The dog guides him to a great, but dimly lit hall. Ningozai's servants empty the kitchens to feed the young hero, until he retires to an even darker chamber to rest, but sleep eludes him. There, Giro enjoys many lusty women in its shadows! When he is sufficiently exhausted by their savage appetites, the little dog escorts him to the tower's uppermost chamber, where Giro's father, Mazugira, rules the lunar kingdom.
The little, silver dog leads Giro up a winding passageway to a grand, ornate hall, encrusted with rare jewels, where the blue-skinned giant, Mazugira, holds court. Great Mazugira roars, and the hall fills with his servants! He rises from a stool, and all in his presence, great and small, prostrate themselves before him, begging to be used as his carpet! Out of respect, Giro joins them, until Mazugira signals his desire to share a feast with his son.
Eager to impress Great Mazugira and his subjects, Giro foolishly brags about his victory over the Ninjor and his attentions to the women in the rooms below, whom he confesses to never having seen in plain sight. At Mazugira's request, the women, usually confined to the darker halls for their unbearable ugliness, join the other guests, and Giro is ridiculed mercilessly by all present.
Finally, the feast is laid before the court, and Mazugira boasts to all of his son's magnificent appetite. He proudly tells his subjects that the kitchens below could not boil enough kidneys-of-old-men to satisfy Giro! Mazugira signals his servants to set the tray of old man's kidneys before Giro, but the young hero grows ill, throws himself over Ningozai's ramparts and vows never to return!
When Giro is gone, the little silver dog, Luxan, politely climbs into the hero's empty chair, gingerly nibbles the kidneys-of-old-man and is proclaimed Great Mazugira's heir.
Though his departure from Mazugira's kingdom is somewhat less than honorable, Giro never forgets his visit to the Lunar Realm. When finally his time comes to rule Eternia, he proves to be the wisest of kings, having learned that conquest for conquest's sake is a fool's enterprise.
Green Adam, the wild folk hero of the
In the Iron Helat version of the previous folktale, an encounter with the Lord of Dragons brings the cold sobriety of wisdom to his misadventures.
Upon becoming a man, Green Adam leaves his mother's country in the Evergreens and sets out to claim his father's realm for his own. He reaches the gates of the Underworld and sees they are guarded by a huge dragon, Volgras. Behind the dragon stretches a long road and, at its end, stands a large and ugly house, which Green Adam correctly surmises to be the Black Lodge, the house of Lukras.
Taking the dragon's measure, Green Adam sees that Volgras is twice his size. Knowing that any direct challenge of him will be his end, Green Adam attacks the beast with his sword and determines to best him anyway. Volgras swats him aside, but Green Adam charges him again. In kind, Volgras blasts him with his fiery breath, forcing Green Adam to retreat. Later, disguised as an old woman, Green Adam returns to the gate with a poisoned fish, which Volgras eats and falls into the ocean.
Green Adam proceeds to the Black Lodge, but along the way, his blood begins to freeze, and he calls to his brothers, the Fire-wolves, for help. They carry him back to the gate, but he protests, demanding his inheritance. The Fire-wolves explain to him that, because he is mortal, the cold of the Black Lodge would kill him. They agree that he is entitled to rule that which Volgras had guarded, and that he shall replace the dragon, as its champion. Green Adam accepts, and the Fire-wolves leave him at the gate with a chest of fine clothes, weapons, armor and a magnificent horse.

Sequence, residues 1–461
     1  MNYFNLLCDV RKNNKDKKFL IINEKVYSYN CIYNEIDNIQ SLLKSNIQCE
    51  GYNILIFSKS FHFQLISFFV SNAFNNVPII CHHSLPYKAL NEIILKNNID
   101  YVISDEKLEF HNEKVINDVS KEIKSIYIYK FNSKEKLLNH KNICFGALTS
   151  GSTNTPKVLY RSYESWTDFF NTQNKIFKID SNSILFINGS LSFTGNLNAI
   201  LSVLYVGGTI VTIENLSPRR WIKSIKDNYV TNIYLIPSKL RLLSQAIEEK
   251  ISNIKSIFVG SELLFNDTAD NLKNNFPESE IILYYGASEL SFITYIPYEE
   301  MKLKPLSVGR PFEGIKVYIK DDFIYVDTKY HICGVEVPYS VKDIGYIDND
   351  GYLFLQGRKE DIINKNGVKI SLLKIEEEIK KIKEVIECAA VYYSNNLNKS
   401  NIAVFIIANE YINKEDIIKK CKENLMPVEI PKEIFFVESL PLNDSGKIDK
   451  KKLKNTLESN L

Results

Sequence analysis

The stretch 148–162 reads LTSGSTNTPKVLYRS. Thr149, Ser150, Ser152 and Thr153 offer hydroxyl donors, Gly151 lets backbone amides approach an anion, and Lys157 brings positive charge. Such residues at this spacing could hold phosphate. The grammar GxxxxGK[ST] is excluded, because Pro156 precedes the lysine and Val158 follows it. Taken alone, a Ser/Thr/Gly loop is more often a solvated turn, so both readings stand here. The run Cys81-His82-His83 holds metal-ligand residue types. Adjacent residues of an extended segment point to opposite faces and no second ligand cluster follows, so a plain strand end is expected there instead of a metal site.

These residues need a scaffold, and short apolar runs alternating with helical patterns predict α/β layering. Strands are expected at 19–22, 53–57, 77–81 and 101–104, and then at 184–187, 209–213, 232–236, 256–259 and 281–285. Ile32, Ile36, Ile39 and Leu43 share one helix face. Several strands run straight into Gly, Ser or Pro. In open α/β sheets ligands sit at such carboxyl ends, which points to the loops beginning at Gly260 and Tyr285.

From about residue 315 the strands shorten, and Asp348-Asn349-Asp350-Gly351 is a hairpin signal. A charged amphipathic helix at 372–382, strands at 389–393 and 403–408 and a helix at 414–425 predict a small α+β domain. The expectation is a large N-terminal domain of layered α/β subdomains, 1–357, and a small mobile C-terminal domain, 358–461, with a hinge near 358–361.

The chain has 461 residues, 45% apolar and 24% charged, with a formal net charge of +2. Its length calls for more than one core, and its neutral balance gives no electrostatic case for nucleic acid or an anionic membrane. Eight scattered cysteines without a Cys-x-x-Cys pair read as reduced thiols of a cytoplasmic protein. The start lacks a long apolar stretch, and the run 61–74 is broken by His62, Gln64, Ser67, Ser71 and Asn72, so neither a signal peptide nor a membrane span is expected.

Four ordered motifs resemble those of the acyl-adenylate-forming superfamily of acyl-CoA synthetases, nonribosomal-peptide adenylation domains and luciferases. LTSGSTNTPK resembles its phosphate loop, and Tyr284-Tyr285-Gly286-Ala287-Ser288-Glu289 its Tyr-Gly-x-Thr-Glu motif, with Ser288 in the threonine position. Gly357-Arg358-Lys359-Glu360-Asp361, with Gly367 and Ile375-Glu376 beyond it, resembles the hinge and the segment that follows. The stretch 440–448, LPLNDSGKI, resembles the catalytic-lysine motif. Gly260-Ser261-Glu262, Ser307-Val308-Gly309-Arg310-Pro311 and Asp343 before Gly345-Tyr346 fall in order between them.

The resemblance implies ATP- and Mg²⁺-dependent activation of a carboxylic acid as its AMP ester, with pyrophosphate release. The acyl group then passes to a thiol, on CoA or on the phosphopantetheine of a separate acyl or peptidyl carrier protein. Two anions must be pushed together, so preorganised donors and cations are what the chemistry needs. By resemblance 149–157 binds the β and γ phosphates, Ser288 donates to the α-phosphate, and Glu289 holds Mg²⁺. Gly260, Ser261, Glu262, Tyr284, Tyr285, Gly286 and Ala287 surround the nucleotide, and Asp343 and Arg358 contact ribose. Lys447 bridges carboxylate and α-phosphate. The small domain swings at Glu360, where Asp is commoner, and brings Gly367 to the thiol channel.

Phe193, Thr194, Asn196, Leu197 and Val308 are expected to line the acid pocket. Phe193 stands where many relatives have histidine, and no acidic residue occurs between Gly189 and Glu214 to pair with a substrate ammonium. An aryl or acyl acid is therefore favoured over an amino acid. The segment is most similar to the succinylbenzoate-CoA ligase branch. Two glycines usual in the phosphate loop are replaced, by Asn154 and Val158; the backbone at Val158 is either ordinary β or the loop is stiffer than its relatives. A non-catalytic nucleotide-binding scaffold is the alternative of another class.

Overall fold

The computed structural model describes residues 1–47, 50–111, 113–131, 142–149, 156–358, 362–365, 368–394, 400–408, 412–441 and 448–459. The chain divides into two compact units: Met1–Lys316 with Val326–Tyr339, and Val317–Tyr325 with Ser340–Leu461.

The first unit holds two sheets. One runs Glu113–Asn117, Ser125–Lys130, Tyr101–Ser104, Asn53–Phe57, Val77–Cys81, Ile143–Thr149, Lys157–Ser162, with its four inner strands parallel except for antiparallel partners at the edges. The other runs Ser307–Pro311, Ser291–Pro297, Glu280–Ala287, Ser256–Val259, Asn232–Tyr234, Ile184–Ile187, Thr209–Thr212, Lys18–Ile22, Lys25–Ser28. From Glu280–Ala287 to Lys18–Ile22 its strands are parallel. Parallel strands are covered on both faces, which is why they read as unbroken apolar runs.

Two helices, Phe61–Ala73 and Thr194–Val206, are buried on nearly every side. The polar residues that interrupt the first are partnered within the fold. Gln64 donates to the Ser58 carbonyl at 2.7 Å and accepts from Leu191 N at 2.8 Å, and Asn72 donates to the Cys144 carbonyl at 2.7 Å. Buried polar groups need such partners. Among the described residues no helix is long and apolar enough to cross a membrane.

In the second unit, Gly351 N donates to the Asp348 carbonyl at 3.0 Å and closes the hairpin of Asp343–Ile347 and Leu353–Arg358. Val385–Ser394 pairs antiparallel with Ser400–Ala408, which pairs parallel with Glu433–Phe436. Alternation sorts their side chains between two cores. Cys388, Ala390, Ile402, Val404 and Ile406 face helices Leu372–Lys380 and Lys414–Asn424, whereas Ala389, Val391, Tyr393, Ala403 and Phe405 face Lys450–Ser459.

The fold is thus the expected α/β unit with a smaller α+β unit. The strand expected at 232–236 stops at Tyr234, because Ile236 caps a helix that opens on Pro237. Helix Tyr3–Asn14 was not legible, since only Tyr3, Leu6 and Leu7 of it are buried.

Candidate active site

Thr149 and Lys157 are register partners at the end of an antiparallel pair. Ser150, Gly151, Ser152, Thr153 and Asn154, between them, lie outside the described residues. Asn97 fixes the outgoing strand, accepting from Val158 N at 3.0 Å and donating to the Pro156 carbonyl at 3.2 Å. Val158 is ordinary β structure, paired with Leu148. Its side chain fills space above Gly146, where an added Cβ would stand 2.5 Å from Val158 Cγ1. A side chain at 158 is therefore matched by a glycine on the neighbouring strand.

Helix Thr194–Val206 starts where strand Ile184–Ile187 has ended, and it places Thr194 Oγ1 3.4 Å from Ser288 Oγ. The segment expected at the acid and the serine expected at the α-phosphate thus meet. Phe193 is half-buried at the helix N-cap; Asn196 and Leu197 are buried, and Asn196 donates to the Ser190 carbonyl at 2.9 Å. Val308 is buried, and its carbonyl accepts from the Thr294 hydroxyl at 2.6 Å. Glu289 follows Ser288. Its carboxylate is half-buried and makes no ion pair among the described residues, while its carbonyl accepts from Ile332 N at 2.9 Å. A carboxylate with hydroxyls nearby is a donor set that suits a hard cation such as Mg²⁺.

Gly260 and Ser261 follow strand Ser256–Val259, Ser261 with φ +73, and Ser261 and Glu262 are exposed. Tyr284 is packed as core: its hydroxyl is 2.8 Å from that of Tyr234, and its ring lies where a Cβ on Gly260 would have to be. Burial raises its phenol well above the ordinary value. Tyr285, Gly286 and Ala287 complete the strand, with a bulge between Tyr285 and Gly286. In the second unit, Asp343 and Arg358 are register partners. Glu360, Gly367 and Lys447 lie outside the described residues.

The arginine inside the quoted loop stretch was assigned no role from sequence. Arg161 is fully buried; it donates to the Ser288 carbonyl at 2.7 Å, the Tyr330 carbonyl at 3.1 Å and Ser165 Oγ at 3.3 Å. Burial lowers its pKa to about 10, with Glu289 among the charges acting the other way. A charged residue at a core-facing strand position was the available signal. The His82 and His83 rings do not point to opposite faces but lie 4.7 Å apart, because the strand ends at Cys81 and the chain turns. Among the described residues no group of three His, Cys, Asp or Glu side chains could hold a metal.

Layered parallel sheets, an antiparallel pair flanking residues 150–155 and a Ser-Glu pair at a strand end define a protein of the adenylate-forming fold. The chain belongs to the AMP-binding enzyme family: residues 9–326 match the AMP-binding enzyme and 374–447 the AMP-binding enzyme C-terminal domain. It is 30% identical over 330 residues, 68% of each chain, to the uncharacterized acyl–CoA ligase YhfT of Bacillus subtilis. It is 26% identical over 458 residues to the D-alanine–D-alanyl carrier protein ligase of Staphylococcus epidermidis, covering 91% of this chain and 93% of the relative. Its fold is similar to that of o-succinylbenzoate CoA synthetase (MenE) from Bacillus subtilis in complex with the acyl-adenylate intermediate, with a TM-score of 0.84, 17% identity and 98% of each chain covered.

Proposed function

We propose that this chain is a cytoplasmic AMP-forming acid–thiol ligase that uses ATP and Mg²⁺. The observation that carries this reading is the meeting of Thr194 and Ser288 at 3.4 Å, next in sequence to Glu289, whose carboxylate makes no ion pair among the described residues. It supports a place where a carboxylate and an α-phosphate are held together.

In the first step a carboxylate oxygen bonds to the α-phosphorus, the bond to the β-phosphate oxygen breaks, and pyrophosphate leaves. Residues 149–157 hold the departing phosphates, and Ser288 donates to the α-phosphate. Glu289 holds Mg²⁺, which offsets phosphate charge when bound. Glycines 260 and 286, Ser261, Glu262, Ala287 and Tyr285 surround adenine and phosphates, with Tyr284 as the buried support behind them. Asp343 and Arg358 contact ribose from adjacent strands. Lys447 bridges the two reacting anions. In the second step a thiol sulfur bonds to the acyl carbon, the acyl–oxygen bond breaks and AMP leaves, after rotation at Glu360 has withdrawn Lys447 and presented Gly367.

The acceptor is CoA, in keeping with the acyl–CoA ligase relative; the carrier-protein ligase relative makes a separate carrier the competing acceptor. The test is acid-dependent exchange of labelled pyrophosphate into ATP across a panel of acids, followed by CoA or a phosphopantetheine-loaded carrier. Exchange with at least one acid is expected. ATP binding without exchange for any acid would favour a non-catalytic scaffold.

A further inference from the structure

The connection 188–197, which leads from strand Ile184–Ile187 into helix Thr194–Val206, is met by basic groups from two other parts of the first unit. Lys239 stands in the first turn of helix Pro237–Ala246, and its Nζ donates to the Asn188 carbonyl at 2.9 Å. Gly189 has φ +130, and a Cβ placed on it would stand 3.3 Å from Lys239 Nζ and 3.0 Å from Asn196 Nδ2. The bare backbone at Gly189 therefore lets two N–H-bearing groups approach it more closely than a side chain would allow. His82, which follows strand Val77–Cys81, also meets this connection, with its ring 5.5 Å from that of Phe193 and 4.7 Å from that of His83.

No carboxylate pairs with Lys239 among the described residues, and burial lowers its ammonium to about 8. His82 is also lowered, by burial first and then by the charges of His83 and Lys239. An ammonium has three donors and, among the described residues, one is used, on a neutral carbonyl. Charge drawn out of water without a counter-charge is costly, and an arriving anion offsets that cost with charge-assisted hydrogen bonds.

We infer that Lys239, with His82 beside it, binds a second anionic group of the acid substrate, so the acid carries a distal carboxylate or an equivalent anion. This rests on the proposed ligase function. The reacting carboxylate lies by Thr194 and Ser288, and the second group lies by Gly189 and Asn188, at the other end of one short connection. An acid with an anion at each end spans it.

All the treasures once guarded by Volgras are his.
Left hungry by his fight with Volgras, Green Adam calls his subjects before him to prepare a feast, but none appear. When the youth rides out into the frozen wastes of the Underworld to question their impudence, they ignore him. "Boy, I may be, but I am your new king, and I have come to try you for your defiance!"
"We are the dead, and have already been judged," a shade tells him. "Starve us, beat us or cut us, if you like. We do not eat, bleed or feel pain of any kind. We have known all the pleasure your world has to offer and cannot be tempted by it anymore. Call your trial, if you must, but we will not attend."
Deeply insulted ..and even hungrier than before, Green Adam galloped off towards the sea, where he casts a net. "Fish! I am your lord, and I am hungry! I command you to leap out of the sea and into my net!"
"We are dead fish, and have already been caught," a fish-spirit tells him. "Catch us and cook us, if you like. We feel no pain of any kind, and do not fear you. Cast your net, if you must, but I will not fill it."
In the waters nearby, swims a beautiful maiden. Enchanted by her, the youth abandons his net, horse and fine clothes to swim after her. When she washes onto the rocks, he follows, swearing his undying devotion. "Beauty! I am only a boy, but I am master of this shore, and I will love no queen, but you!"
"I am a drowned beauty, and have already
been loved," the dead maiden tells him. "Embrace me, if you
like, but, I am as cold as the
Humiliated and starving, Green Adam wanders back to Volgras's house, where he finds an old man at the hearth, eating a fish. When Adam, lured by the smell of smoked fish, approaches the old man and begs to share his meal, the man reveals himself to be Volgras .. and pins the youth beneath a giant claw!
Naked and defenseless, the young hero accepts his doom. "I am king of Death's Coast, but I have lost everything for my kingdom! Kill me, if you must, but I will not beg for my miserable life."
But the Lord of Dragons does not strike.
Instead, Volgras tells him not to be so quick to claim the kingdom of death, for all men will inherit it soon enough. With this said, Volgras picks Green Adam up and sets him back on the road to the forests of Eternia.
"I am Green Adam!" the youth tells the people of the forest. "I am wild and live in the woods, but I am swifter than the deer, as strong as the bear, and I will never die!"
As wise teacher, wrathful despot or evil genius, ..and throughout the respective legends of two hemispheres, Granamyr is consistently presented as an engine of change and personifies, however horrifically, man's eternal struggle to survive in the face of overwhelming odds and temptations.